Corruption, accountability, and decentralization: theory and evidence from Mexico
One of the fundamental tenets of fiscal federalism is that, absent various sorts of externalities, decentralized governments that rely on own-source revenues should be more fiscally efficient than decentralized governments that rely on grant financing. The argument relies in part on the idea that sub-national governments, being closer to the people, are more accountable to its citizens. Accountability to citizens is also important in understanding the presence of corruption in government. This suggests that the financial structure and institutions of decentralized governments can potentially influence the degree and extent of corrupt activity. Financial structures that make governments more accountable should be associated with less corruption (other things equal), while financial structures with less accountability should be associated with more corrupt activities. We develop a simple model in which the use of grants rather than locally raised taxes increases corruption. We then use a panel data set of Mexican states to study the relationship between funding sources for Mexican states and the level of corruption in those states. We find that greater use of own tax revenues lowers corruption while greater use of grants increases corruption. This suggests that expenditure decentralization that is accompanied by revenue decentralization is likely to discourage corruption while expenditure decentralization that is funded by grants tends to encourage corruption. We also find that poverty, a measure of uninformed citizens, leads to greater corruption.
|Date of creation:||2011|
|Date of revision:|
|Contact details of provider:|| Postal: Carrer del Tinent Coronel Valenzuela 1-11, 08034 Barcelona|
Phone: 93 403 46 46
Fax: 93 403 98 32
Web page: http://www.ieb.ub.edu
More information through EDIRC
References listed on IDEAS
Please report citation or reference errors to , or , if you are the registered author of the cited work, log in to your RePEc Author Service profile, click on "citations" and make appropriate adjustments.:
- Robert Barro, 1973. "The control of politicians: An economic model," Public Choice, Springer, vol. 14(1), pages 19-42, March.
- Goodspeed, T-J & White, A-D, 1996. "International taxation," Papers 96-11, Wellesley College - Department of Economics.
- Timothy Besley & Michael Smart, 2005.
"Fiscal restraints and voter welfare,"
LSE Research Online Documents on Economics
3769, London School of Economics and Political Science, LSE Library.
- Timothy Besley & Michael Smart, 2005. "Fiscal Restraints and Voter Welfare," STICERD - Political Economy and Public Policy Paper Series 06, Suntory and Toyota International Centres for Economics and Related Disciplines, LSE.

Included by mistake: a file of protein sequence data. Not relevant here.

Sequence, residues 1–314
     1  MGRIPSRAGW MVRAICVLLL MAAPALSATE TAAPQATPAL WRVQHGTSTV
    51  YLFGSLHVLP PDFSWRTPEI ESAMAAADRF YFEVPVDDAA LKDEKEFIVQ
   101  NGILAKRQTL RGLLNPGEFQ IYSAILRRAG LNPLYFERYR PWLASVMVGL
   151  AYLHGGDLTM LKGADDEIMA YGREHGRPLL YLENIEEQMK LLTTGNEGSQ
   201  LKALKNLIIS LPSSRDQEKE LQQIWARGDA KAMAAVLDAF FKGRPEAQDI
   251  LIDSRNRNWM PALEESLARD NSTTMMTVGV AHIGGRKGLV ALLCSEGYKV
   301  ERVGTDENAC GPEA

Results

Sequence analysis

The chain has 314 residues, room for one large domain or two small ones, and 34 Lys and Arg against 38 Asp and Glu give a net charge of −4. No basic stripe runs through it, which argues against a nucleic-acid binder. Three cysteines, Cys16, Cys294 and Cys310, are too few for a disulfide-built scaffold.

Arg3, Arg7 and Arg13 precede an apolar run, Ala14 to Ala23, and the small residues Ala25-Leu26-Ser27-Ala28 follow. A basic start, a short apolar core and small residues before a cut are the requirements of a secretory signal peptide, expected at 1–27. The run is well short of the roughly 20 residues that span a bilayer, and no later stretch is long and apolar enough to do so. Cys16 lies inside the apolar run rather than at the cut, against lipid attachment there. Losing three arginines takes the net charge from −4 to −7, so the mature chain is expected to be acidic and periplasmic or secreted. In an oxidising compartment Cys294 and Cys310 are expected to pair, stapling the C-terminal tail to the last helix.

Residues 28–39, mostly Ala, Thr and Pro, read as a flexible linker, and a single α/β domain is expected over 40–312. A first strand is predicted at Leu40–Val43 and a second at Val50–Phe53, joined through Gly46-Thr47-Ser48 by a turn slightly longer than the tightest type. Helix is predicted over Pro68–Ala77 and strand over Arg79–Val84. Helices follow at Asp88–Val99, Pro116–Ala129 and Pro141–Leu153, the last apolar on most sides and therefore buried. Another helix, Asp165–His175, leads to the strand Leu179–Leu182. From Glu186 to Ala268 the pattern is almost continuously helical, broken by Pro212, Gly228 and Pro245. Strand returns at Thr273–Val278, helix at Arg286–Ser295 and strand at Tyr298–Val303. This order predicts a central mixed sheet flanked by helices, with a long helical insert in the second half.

- Besley, Timothy J. & Prat, Andrea, 2002.
"Handcuffs for the Grabbing Hand? Media Capture and Government Accountability,"
CEPR Discussion Papers
3132, C.E.P.R. Discussion Papers.
- Timothy Besley & Andrea Prat, 2006. "Handcuffs for the Grabbing Hand? Media Capture and Government Accountability," American Economic Review, American Economic Association, vol. 96(3), pages 720-736, June.
- Timothy Besley & Andrea Prat, 2005. "Handcuffs for the Grabbing Hand? Media Capture and Government Accountability," STICERD - Political Economy and Public Policy Paper Series 07, Suntory and Toyota International Centres for Economics and Related Disciplines, LSE.
- Jonathan A. Rodden & Gunnar S. Eskeland (ed.), 2003. "Fiscal Decentralization and the Challenge of Hard Budget Constraints," MIT Press Books, The MIT Press, edition 1, volume 1, number 0262182297, December.
- Wildasin, David E., 1997.
"Externalities and bailouts : hard and soft budget constraints in intergovernmental fiscal relations,"
Policy Research Working Paper Series
1843, The World Bank.
- David E. Wildasin, 2001. "Externalities and Bailouts: Hard and Soft Budget Constraints in Intergovernmental Fiscal Relations," Public Economics 0112002, EconWPA.
- Fan, C. Simon & Lin, Chen & Treisman, Daniel, 2009. "Political decentralization and corruption: Evidence from around the world," Journal of Public Economics, Elsevier, vol. 93(1-2), pages 14-34, February.
When requesting a correction, please mention this item's handle: RePEc:ieb:wpaper:2011/11/doc2011-32. See general information about how to correct material in RePEc.
For technical questions regarding this item, or to correct its authors, title, abstract, bibliographic or download information, contact: ()
If you have authored this item and are not yet registered with RePEc, we encourage you to do it here. This allows to link your profile to this item. It also allows you to accept potential citations to this item that we are uncertain about.
If references are entirely missing, you can add them using this form.
If the full references list an item that is present in RePEc, but the system did not link to it, you can help with this form.
If you know of missing items citing this one, you can help us creating those links by adding the relevant references in the same way as above, for each refering item. If you are a registered author of this item, you may also want to check the "citations" tab in your profile, as there may be some citations waiting for confirmation.
Please note that corrections may take a couple of weeks to filter through the various RePEc services.